With Bears starters once again not expected to play, Saturday night’s preseason game in Indianapolis will give young players another chance to show that they deserve a spot on the 53-man roster. Here are five individuals to watch in the contest at Lucas Oil Stadium:
Eddy Pineiro, kicker
The Bears waived Elliott Fry earlier this week in part to give Pineiro an opportunity to handle every kick in the final two preseason games. Since missing his first field-goal attempt—a 48-yarder against the Panthers, Pineiro has made all three of his tries: a 23-yarder versus Carolina and 41- and 27-yarders last Friday night against the Giants.
Pineiro can win the kicking job with good performances Saturday night in Indianapolis and Thursday night versus the Titans. If the second-year pro fails to impress, the Bears could claim a kicker who’s waived by another team during the roster cutdown to 53 players next Saturday.
“Like any position, we’re always going to be looking for the best,” said coach Matt Nagy. “I think for Eddy, though, he needs to understand that we feel really good with where he’s at. He’s never kicked in an NFL game before. So that could go a couple different ways. It could go really good; it could go really bad. We don’t know that answer. But for right now, we feel good with where he’s at. We want him to keep kicking like he’s been.”
Riley Ridley, receiver
After catching three passes for 19 yards in his preseason debut last Friday night against the Giants, Ridley will look to take another step versus the Colts. The rookie fourth-round pick from Georgia has been eased back into action since returning to practice Aug. 5 after missing a week-and-a-half of training camp with a hamstring injury.
“He’s done a really good job of digesting everything,” Nagy said. “He knows what he’s doing. He has a great feel. When teams play zone coverage, he has a good feel for that. He has excellent ball skills, so that’s just showing up. It was a bummer, him getting banged up a little bit there. I think he's back on track. I’m excited to see what he can do.”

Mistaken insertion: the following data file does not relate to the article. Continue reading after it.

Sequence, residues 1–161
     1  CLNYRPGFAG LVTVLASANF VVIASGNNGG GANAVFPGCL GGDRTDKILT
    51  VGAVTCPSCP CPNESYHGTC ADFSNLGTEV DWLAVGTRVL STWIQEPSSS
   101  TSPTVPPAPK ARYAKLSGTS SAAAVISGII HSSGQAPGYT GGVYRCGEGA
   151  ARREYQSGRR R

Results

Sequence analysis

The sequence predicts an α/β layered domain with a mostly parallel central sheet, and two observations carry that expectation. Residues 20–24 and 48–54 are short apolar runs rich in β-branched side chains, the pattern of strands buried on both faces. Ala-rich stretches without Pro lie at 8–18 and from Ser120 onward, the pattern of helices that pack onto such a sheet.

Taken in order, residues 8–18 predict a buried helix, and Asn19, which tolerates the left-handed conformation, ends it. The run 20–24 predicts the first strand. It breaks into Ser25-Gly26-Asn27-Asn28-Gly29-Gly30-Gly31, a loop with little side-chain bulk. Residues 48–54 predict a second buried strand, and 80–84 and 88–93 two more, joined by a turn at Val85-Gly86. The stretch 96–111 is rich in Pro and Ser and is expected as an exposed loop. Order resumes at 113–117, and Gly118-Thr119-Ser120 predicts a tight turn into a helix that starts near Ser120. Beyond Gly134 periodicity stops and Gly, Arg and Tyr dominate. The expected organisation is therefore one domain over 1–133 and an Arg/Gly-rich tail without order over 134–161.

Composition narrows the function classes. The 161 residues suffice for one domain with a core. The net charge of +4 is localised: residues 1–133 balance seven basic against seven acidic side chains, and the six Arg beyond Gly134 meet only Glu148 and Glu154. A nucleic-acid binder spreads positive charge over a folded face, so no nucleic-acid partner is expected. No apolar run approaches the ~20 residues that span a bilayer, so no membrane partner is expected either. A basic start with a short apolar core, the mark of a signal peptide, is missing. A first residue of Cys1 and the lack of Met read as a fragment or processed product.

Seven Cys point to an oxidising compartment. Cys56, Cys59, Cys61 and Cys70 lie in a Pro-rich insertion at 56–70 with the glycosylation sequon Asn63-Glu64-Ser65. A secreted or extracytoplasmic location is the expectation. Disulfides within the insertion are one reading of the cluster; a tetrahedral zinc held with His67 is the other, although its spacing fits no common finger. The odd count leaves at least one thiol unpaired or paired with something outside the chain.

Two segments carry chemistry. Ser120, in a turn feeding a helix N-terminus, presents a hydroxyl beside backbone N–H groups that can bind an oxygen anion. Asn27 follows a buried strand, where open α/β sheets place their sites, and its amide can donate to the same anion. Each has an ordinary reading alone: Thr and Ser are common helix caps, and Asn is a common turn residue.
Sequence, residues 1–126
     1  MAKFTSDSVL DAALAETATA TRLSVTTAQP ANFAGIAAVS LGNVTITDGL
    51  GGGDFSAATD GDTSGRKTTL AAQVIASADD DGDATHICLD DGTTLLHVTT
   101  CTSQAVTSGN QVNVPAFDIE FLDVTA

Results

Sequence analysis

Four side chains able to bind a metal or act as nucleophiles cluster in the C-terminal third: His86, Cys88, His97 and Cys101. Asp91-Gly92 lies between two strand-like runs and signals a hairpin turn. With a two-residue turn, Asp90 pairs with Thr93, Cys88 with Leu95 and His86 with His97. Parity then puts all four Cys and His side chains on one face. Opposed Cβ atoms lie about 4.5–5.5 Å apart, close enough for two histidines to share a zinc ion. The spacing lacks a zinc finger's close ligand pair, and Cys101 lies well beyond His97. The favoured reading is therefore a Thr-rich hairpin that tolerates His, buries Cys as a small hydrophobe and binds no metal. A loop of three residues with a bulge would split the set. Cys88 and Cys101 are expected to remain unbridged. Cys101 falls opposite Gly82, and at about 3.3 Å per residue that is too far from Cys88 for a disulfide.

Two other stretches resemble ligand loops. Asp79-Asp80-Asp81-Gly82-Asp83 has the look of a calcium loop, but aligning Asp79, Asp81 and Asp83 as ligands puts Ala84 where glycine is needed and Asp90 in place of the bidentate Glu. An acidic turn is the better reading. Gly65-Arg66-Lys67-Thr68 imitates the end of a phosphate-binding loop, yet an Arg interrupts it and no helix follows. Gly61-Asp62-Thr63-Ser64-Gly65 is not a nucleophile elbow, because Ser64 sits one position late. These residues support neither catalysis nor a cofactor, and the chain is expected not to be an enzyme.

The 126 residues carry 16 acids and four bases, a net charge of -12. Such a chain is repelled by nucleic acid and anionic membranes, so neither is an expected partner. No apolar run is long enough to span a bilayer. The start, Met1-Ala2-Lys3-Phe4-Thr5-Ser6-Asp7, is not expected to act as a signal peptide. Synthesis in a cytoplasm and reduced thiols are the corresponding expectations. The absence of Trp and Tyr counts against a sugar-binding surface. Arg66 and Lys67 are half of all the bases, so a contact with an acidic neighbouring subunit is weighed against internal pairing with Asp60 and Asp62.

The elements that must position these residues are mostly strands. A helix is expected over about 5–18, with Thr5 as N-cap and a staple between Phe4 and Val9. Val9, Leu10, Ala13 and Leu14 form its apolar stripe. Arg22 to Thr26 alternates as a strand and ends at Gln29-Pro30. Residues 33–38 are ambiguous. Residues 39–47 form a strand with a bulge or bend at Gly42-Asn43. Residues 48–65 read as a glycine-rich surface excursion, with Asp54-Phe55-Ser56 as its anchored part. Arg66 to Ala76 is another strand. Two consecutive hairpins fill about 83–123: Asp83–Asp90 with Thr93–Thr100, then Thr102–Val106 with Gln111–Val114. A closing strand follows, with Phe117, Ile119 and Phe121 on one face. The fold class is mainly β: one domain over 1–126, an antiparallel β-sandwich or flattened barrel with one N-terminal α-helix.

Ian Bunting, tight end
Bunting is also competing at a deep position, vying for a roster spot with veteran Bradley Sowell and fellow undrafted rookie Dax Raymond behind Trey Burton, Adam Shaheen and Ben Braunecker.
Bunting has excelled during training camp. The 6-7, 255-pounder, who grew up in the Chicago area and teamed with Bears rookie receiver Thomas Ives at Hinsdale Central High School, boasts an impressive combination of size and athleticism.
In the preseason opener against the Panthers, Bunting caught three passes for a game-high 77 yards, including a 45-yarder that set up a field goal on the final play of the first half.
“He’s been pretty consistent, which is what you look for in these guys,” Nagy said. “He’s going to have two more games here, two opportunities to show what he can do.”
Bunting caught 28 passes for 313 yards in 47 games in four seasons at Michigan from 2014-17. He graduated with a degree in organizational studies before enrolling at California as a grad transfer. Last year with the Golden Bears he had 18 receptions for 195 yards in 13 games.
Duke Shelley, cornerback
Shelley also has performed well in training camp, displaying quickness and ball skills. The sixth-round pick from Kansas State hopes to continue to impress in the final two preseason games. It doesn’t appear that he will beat out veteran Buster Skrine for the No. 1 nickel spot, but Shelley could fill an important role as a rookie by providing depth in the secondary while contributing on special teams.
Shelly was selected by the Bears with the 205th pick in the draft. He appeared in 38 games with 37 starts over four seasons at Kansas State, where he recorded 165 tackles, eight interceptions—returning two for touchdowns—and seven tackles-for-loss. He started all 12 games he played as a junior in 2017, ranking fourth in the Big 12 with 13 pass breakups while earning honorable mention all-conference recognition. Shelley opened the first seven games last year before sustaining a season-ending toe injury.
Clifton Duck, cornerback
Duck made an impact play against the Giants, diving to intercept a pass at the Bears’ 1-yard line and returning it 62 yards. The undrafted rookie from Appalachian State has flashed in practice as well, impressing coaches with his instincts and ball skills. The 5-9, 176-pounder registered 12 interceptions in three seasons in college.
Bears coaches will be watching Duck closely against the Colts and Titans, hoping that he’s able to continue to flash. With young players, they want to see them build on their success.
“The consistency’s important,” Nagy said. “Just like we tell them don’t make the same mistake twice, let’s see if they’re the ballhawks this next game. Or are they getting blocked the whole time now and they’re not around the quarterback? Or are you being around the football like Duck was on that interception [against the Giants]? So it just allows us to kind of see, ‘Are they able to follow that up?’”